Let chilled dough soften slightly at room temperature, about 10 minutes. Working on lightly floured work surface, roll dough into 12-inch circle. Transfer dough to pie plate. Trim, fold, and crimp edges. Cover lightly with plastic wrap and place in the freezer for 30 minutes.

While crust is firming up, work on the filling. In a bowl of a stand mixer with the paddle attachment, mix together the sugar and flour. Add in the sour cream, eggs and vanilla extract and mix until combined. Take the pie out of the freezer and put the blueberries on the bottom of the crust. Pour the filling over the blueberries and spread it out.

Now make the crumb topping. Mix together the sugar, brown sugar, ground cinnamon and ground nutmeg. Pour the melted unsalted butter into the bowl and mix everything together. Add in the flour and mix until the ingredients form a crumble topping. Crumble the crumb topping over the pie.


Bale pie for 30-40 minutes at 400. Place in refrigerator to cool for 30 minutes after it's done baking until set. 

Enjoy!






Linking up this week with Frontier DreamsMagic OnionsNatural Suburbia, and Crafty Moms Share and a few others! Please check out my 'where I party' page! 

Tuesday, June 25, 2013

Bringing Nature In:: Part II :: Our Waldorf Woodland Bedroom






We have had a BUSY weekend over here. My house is a mess- but a huge productive work in progress. After the move this past December, I sorta just wrote off a few rooms in the house. Mainly the children's bedroom that Deirdre and Jonas share as well as our bedroom. It was functional but not pretty. Since I feel like we spend very little time in those rooms, I focused on getting the playroom, family room, dining room, and kitchen in order. But now we've been in the house for six months, the state of our rooms started to bother me. While they weren't terrible, I just did not like being in them. They felt disorganized to me. They took longer to clean. They just felt off. 
Since I have been working on bringing more nature into the children's play and our lives when we're indoors, I thought that bringing it into their bedroom might be a good idea too. During the first seven years of a child's life, they are extremely sensitive to their environments. They consciously and unconsciously imitate their surroundings. This is one reason why in Waldorf, it is recommended that children have beautiful and natural toys. It's not just for the developmental benefit of open ended playthings, but also for the way in which they, our home, ourselves, impact our children as they unfold during these critical first years. Another reason for working on their bedroom was to improve their sleep. While I am blessed with children who do and have generally slept well and for 12 hours at a time- plus naps- I wanted to continue to make sure that their room was conducive for good and restorative sleep (which is paramount to their development as well).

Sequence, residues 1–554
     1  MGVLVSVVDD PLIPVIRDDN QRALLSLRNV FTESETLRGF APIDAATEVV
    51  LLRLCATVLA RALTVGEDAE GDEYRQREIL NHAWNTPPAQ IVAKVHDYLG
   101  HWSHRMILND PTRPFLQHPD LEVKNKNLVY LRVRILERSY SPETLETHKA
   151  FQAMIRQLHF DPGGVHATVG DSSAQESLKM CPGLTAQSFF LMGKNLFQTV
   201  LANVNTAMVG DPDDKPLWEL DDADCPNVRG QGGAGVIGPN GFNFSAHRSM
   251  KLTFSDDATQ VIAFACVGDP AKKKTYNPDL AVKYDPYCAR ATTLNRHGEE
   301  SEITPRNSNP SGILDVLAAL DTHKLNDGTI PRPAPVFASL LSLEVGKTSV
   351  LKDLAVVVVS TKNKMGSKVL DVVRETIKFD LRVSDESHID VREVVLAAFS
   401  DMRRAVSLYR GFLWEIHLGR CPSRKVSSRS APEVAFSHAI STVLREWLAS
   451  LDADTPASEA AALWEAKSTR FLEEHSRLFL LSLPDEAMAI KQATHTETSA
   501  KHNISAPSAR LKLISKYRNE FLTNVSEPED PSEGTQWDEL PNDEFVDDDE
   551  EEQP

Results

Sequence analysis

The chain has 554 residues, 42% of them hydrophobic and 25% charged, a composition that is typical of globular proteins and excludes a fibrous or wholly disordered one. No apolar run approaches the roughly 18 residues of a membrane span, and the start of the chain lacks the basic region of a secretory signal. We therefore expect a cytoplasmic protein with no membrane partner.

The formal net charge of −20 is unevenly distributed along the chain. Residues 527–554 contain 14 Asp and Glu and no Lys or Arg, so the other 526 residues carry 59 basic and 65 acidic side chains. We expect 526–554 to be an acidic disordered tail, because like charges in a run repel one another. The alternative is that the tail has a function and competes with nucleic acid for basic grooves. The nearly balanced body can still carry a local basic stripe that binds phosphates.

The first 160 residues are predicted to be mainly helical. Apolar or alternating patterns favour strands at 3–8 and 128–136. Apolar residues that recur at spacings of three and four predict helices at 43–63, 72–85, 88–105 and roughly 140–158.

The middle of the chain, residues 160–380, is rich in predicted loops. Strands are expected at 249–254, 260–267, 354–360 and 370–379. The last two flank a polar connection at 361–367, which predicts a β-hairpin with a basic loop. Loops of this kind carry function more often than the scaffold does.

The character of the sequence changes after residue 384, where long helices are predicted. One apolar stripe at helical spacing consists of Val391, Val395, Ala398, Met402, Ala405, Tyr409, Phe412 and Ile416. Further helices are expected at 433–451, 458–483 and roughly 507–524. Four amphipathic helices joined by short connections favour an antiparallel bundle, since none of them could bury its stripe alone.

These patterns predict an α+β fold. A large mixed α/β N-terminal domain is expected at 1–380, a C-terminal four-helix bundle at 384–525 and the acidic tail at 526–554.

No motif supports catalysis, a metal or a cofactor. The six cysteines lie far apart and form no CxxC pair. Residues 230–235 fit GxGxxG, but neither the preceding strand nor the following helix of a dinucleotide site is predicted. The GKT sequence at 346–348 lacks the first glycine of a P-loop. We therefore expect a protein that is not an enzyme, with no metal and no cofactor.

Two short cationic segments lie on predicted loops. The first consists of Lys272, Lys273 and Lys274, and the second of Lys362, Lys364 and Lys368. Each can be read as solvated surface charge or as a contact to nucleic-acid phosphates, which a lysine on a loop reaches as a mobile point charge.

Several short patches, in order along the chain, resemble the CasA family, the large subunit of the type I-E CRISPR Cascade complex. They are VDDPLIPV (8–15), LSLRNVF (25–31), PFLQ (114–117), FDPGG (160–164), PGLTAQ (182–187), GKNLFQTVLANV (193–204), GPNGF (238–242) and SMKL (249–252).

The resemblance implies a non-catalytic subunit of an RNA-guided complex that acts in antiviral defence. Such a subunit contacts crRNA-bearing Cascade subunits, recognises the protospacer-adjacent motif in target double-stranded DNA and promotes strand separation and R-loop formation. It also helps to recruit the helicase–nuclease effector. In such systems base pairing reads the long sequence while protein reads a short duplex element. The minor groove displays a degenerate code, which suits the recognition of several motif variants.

So here is my little room project. I am very very pleased with the finished product. Most of the decor in this room was re-purposed!!! I got the gnome print from an old book we already had. The fabric and paint I used on the logs I already had on hand. I brought in logs and branches which were free and just added to them. I also reused a lot of decor I had on hand from the kid's old bedroom and the baby's nursery. 

I lazured the walls yellow. The base coat is a light blue and the top veil was made with Stockmar lemon and gold yellow. The lazure was in the end not hard. I was nervous about it but it was fairly simple- just labor intensive. I did this alone, it is a small room, but I recommend having a helper. 






We added bunk beds since the kids are a bit older. So far it is working well. before we had floor beds, which is common with Montessori. I liked the floor beds, but it was time for a change. I hung our two Kinderkram mobiles up in to corners of the room. We got them from Bella Luna Toys and I cannot recommend them or Sarah's store enough. Just lovely. 

I made a branch tree with felt leaves for the corner near the window. I added on some decorative birds and butterflies as well as a nest we found on a walk. The tree was spray painted with gold glitter and sealed with shellac. I also picked up a white ceramic mushroom that I paint red with glitter to set near the tree. 
The kids also requested two gnome and tomten doors for their magical friends David and Timmy. They were worried about them having trouble getting in and out of their rooms. If you're new to the blog, I tell the children nightly stories about David and Timmy's adventures and have been doing so since January 2011. I make them up and they're simple- but boy do they love them! 

To complete the woodland room, I farmed some of their favorite gnome prints in the window frame. I love home rustic it looks. Lastly in the far corner near the door I made some stump mushrooms with fabric and one painted. I also made a burlap 'dream' banner in Waldorf lettering to hang over the stump mushrooms. 


I think that covers it all. Phew. Like I said it was a BUSY weekend, but oh so worth it. The kids love their new room. They are sleeping better and seem to be more peaceful. I am just finishing up Rahima Dancy Baldwin's book, You Are Your Child's First Teacher, for the second time. If you have children under seven, I highly recommend it.